Exclusive: New partnership aims to help doctors harness AI to diagnose patients
Scientific information and data analytics giant Elsevier is partnering with a medical startup to give doctors the ability to use generative AI to access the most up-to-date medical research as they treat patients in real time.
Why it matters: Experts say the adoption of AI could dramatically improve the quality of care patients receive — while also lowering costs, cutting wait times and expanding access.
- "Most things don't create a net aggregate benefit," said Daniel Nadler, founder of OpenEvidence, the Cambridge, Mass. AI startup that's training on Elsevier's massive collection of medical journal data.
- Usually someone wins and someone else loses, argued Nadler. But this is "a net aggregate benefit to every participant in the system."
How it works: Elsevier is working with OpenEvidence to create ClinicalKey AI, a tool that allows doctors to input symptoms, explore drug interactions and get results that include data and information from hundreds of medical journals and other verified sources.
- Elsevier Health president Jan Herzhoff sees ClinicalKey AI as a potential "game-changer," estimating that half of all medical decisions can eventually be supported by generative AI.
- Elsevier said it is working with 1,000 clinicians this month in an early access program with plans to release the tool more broadly next year.
The big picture: What's happening in medicine is indicative of how AI is poised to reshape many industries.
- It's not about typing into a generic AI system like ChatGPT or Bard, but rather combining the power of the models with domain-specific data.
- The result is that far fewer errors and "hallucinations" can occur than when querying a generic tool trained on the broader Internet.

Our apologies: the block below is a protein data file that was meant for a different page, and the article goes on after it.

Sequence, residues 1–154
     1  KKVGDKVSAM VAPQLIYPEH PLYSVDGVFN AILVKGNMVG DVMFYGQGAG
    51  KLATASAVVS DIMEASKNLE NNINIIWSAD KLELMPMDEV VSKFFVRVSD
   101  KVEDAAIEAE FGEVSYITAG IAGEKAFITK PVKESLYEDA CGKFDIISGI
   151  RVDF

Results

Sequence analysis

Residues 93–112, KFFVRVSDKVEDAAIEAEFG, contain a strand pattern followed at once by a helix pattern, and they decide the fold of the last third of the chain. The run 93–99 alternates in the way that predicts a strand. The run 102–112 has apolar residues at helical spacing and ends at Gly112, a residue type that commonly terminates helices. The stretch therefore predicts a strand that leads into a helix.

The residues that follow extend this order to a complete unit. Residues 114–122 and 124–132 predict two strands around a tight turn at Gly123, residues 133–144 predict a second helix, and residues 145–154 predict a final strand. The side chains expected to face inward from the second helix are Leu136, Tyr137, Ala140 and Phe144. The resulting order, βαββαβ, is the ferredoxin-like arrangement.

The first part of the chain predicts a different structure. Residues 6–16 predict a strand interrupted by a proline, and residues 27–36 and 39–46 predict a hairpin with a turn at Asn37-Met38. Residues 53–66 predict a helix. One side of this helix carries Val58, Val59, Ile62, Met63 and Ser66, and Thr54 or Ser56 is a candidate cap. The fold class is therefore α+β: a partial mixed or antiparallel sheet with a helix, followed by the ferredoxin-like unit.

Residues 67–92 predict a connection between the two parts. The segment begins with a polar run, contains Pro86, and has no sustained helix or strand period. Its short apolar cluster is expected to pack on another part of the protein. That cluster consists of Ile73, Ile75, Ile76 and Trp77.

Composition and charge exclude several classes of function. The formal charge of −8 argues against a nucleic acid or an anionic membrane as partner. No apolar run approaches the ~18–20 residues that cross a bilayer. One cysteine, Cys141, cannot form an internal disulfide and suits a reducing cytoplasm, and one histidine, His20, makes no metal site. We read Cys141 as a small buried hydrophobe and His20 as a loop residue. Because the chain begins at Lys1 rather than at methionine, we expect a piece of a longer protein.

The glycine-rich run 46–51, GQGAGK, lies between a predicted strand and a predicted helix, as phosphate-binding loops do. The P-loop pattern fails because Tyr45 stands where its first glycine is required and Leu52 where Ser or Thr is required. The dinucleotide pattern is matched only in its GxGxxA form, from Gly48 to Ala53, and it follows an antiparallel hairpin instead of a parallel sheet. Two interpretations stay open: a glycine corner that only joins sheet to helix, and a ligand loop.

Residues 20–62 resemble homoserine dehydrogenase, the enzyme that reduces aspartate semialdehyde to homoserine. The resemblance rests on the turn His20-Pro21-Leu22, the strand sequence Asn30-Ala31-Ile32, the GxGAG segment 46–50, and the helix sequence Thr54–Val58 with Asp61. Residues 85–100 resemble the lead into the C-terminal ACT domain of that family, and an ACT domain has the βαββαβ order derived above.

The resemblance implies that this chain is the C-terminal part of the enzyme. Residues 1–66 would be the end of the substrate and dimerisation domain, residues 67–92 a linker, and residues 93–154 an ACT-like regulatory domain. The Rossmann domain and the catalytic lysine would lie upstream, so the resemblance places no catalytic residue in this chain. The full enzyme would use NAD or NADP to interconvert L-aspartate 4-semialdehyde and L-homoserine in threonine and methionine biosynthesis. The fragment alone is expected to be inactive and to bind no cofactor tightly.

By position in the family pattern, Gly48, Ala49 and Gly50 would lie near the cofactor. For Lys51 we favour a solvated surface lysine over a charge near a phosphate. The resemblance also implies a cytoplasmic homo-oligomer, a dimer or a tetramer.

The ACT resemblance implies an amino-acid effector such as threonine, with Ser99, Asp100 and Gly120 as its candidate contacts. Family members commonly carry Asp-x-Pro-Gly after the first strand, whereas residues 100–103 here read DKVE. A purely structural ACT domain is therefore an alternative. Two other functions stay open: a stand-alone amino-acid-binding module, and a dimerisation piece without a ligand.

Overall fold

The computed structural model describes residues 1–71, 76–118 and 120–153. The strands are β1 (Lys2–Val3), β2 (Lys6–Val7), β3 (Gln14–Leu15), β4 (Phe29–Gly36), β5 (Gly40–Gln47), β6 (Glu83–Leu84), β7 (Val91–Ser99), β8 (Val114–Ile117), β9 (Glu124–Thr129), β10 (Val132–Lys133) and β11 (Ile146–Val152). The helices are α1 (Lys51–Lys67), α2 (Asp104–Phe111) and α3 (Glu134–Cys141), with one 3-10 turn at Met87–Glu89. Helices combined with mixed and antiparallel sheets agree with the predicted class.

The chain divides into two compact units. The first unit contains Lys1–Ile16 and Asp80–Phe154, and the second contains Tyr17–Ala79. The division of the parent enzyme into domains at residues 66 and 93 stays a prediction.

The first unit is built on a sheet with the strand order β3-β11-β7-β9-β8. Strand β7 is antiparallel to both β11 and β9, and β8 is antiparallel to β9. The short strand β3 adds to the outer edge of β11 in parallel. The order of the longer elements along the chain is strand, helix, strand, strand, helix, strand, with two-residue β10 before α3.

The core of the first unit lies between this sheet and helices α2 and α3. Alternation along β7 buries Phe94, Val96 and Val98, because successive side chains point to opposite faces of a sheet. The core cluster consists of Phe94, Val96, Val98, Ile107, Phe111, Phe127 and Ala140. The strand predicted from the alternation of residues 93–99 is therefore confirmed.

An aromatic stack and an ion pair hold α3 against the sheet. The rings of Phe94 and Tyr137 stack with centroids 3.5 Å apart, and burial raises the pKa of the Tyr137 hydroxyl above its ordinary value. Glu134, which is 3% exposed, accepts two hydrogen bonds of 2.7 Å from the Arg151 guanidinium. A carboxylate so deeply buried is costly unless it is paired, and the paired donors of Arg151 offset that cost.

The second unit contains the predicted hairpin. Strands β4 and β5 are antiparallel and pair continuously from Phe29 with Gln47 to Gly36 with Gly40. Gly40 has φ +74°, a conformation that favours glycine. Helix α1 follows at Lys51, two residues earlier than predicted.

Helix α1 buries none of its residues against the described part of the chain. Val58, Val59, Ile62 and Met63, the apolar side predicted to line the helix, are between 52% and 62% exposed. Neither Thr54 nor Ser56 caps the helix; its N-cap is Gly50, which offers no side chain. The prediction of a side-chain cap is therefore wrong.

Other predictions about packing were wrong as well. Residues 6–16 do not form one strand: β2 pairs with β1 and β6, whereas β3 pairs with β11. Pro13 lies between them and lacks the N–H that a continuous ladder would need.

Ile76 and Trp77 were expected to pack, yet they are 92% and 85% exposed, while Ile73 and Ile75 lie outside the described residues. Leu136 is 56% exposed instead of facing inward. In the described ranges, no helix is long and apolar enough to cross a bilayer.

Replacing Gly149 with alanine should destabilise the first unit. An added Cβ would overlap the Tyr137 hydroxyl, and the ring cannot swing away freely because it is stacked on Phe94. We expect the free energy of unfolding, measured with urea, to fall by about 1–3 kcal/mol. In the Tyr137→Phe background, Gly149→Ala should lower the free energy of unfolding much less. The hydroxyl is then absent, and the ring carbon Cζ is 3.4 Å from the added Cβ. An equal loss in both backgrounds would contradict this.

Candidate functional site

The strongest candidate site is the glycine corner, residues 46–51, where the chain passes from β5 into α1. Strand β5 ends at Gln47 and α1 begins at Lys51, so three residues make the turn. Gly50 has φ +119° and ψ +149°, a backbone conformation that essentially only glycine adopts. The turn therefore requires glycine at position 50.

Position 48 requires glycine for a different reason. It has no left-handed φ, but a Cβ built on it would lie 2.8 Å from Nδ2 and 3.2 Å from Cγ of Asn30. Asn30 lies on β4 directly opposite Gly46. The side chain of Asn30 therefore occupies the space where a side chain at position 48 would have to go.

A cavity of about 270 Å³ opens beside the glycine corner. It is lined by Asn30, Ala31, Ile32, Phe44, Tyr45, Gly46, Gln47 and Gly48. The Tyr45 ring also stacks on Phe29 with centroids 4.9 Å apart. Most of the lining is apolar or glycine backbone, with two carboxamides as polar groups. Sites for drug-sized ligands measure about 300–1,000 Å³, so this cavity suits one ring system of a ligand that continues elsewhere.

What they're saying: Danny Tobey, a doctor and lawyer who heads DLA Piper's AI practice, said the ability of doctors to use AI to marry the symptoms they see in patients with the latest research will be incredibly valuable.
- "What it's going to do is elevate the floor, which I think is very helpful," Tobey told Axios. "Not everyone has access to the best doctors."
Between the lines: In the rapidly evolving landscape of medicine, doctors train only once, then spend the rest of their careers trying to keep up with constant change.
- Uneven training means that presenting the same set of symptoms to various doctors will often lead to different diagnoses, says AI pioneer Daphne Koller, co-founder of Coursera and current CEO of medical AI startup Insitro.
Yes, but: While less prone to hallucination, AI tools trained on specialized domain data like medical journals will still reflect other problems in the research, like findings from small populations that don't translate to broader, more diverse populations.
- "It's still biased by all the preconceptions of what people wrote," Koller said.
- And some recents studies show that doctors still don't trust AI and worry that it might increase their legal liability.
Flashback: Founded during the COVID-19 pandemic, OpenEvidence initially focused on providing information to drugmakers — and later became the first AI tool to score above 90% on a standard medical licensing exam.
- Nadler sold his prior AI startup, Kensho Technologies, for $550 million in 2018. He says he wasn't planning an encore but was inspired to start OpenEvidence after witnessing the flood of new research in the weeks following the outbreak of COVID-19.
- "You're going from not having a needle to now you have a needle, but it's buried in a haystack that's like doubling in size every couple weeks," Nadler said.
- Though initially targeted to big pharmaceutical research, Nadler said OpenEvidence found tremendous demand when it opened its engine to broader use. Its site received more than a million visitors, including queries from 30,000 licensed U.S. doctors.